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Members of the tumor necrosis factor (TNF)-nerve growth factor (NGF) receptor family have been shown to be important costimulatory molecules for cellular activation. 4-1BB and Ox40 are two recently described members of this protein family which are expressed primarily on activated T cells. To gain insight into the signaling pathways employed by these factors, yeast two-hybrid library screens were performed with the cytoplasmic domains of 4-1BB and Ox40 as baits. TNF receptor-associated factor 2 (TRAF2) was identified as an interacting protein in both screens. The ability of both 4-1BB and Ox40 to interact with TRAF2 was confirmed in mammalian cells by coimmunoprecipitation studies. When the binding of the receptors to other TRAF proteins was investigated, 4-1BB and Ox40 displayed distinct binding patterns. While 4-1BB bound TRAF2 and TRAF1, Ox40 interacted with TRAF3 and TRAF2. Using deletion and alanine scanning analysis, we defined the elements in the cytoplasmic domains of both receptors that mediate these interactions. The 4-1BB receptor was found to have two independent stretches of acidic residues that can mediate association of the TRAF molecules. In contrast, a single TRAF binding domain was identified in the cytoplasmic tail of Ox40. The cytoplasmic domains of both receptors were shown to activate nuclear factor κB in a TRAF-dependent manner. Taken together, our results indicate that 4-1BB and Ox40 bind TRAF proteins to initiate a signaling cascade leading to activation of nuclear factor κB.
The tumor necrosis factor (TNF)-nerve growth factor (NGF) receptor superfamily is a growing receptor family that has been implicated in the activation of distinct signaling pathways which can mediate either apoptosis or cell survival (7, 19). Members of the family are defined by homology in their extracellular domains but have little sequence homology in their cytoplasmic tails. Yet, the cytoplasmic domains are important for the initiation of distinct signaling cascades (7, 19, 32).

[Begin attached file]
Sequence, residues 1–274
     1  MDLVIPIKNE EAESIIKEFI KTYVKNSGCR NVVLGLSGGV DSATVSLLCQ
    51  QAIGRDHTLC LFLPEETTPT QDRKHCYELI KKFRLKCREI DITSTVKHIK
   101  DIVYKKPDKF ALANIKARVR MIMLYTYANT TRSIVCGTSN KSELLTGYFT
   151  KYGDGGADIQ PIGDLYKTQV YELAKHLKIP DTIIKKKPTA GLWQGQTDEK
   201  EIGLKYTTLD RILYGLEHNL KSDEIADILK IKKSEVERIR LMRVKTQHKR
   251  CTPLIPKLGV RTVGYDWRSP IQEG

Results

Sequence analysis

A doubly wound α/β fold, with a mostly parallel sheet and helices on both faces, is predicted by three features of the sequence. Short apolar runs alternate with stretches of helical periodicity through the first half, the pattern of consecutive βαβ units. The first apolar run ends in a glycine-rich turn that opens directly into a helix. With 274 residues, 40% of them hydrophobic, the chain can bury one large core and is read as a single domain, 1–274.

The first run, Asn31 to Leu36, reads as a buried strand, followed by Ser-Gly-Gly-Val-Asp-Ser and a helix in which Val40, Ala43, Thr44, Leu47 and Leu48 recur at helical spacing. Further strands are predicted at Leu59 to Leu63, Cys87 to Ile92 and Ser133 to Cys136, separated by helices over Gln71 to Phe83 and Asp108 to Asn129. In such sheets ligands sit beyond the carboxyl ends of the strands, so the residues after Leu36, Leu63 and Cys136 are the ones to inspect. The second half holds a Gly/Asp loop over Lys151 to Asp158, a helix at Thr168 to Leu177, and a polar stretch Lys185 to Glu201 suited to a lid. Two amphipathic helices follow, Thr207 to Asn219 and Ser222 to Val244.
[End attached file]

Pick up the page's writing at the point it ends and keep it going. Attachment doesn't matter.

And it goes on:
4-1BB and Ox40 are two recently described TNF receptor-related proteins thought to play an important role in regulating T-cell-dependent immune responses (11, 12, 18, 21, 22). The expression of both receptors is restricted to activated T cells (3, 15, 16, 28). Transcription and translation of the 4-1BB and Ox40 genes are induced after primary activation of T lymphocytes by engagement of the T-cell receptor by peptide-major histocompatibility complex complexes and costimulatory signals or by mitogenic stimulation of the cells (3, 22). Murine 4-1BB and its human homolog ILA (receptor induced by lymphocyte activation) have been molecularly cloned (2, 27, 29, 35, 39). 4-1BB cross-linking in a secondary response can prolong the survival of activated T cells and enhance interleukin-2 production. Furthermore 4-1BB can provide costimulatory signals independent of CD28 (12, 22, 38). Ox40 was identified as a cell surface marker on activated rat CD4+ T cells. In mice and humans, it is expressed on CD4+ and CD8+ cells after activation (8, 30, 31). Human Ox40 was shown to promote adhesion of T lymphocytes to vascular endothelial cells (23). Ox40 expression is found on T cells specific for myelin basic protein in experimental autoimmune encephalomyelitis (44). An Ox40 immunotoxin led to specific depletion of these autoreactive lymphocytes and to amelioration of experimental autoimmune encephalomyelitis in rats (43). Besides this pathological effect, Ox40 augments the humoral immune response by interaction with its ligand on B cells (40). The interaction between Ox40 and its ligand Ox40L has been suggested to provide a costimulatory signal to T cells and additionally lead to proliferation and differentiation of B cells (18, 41).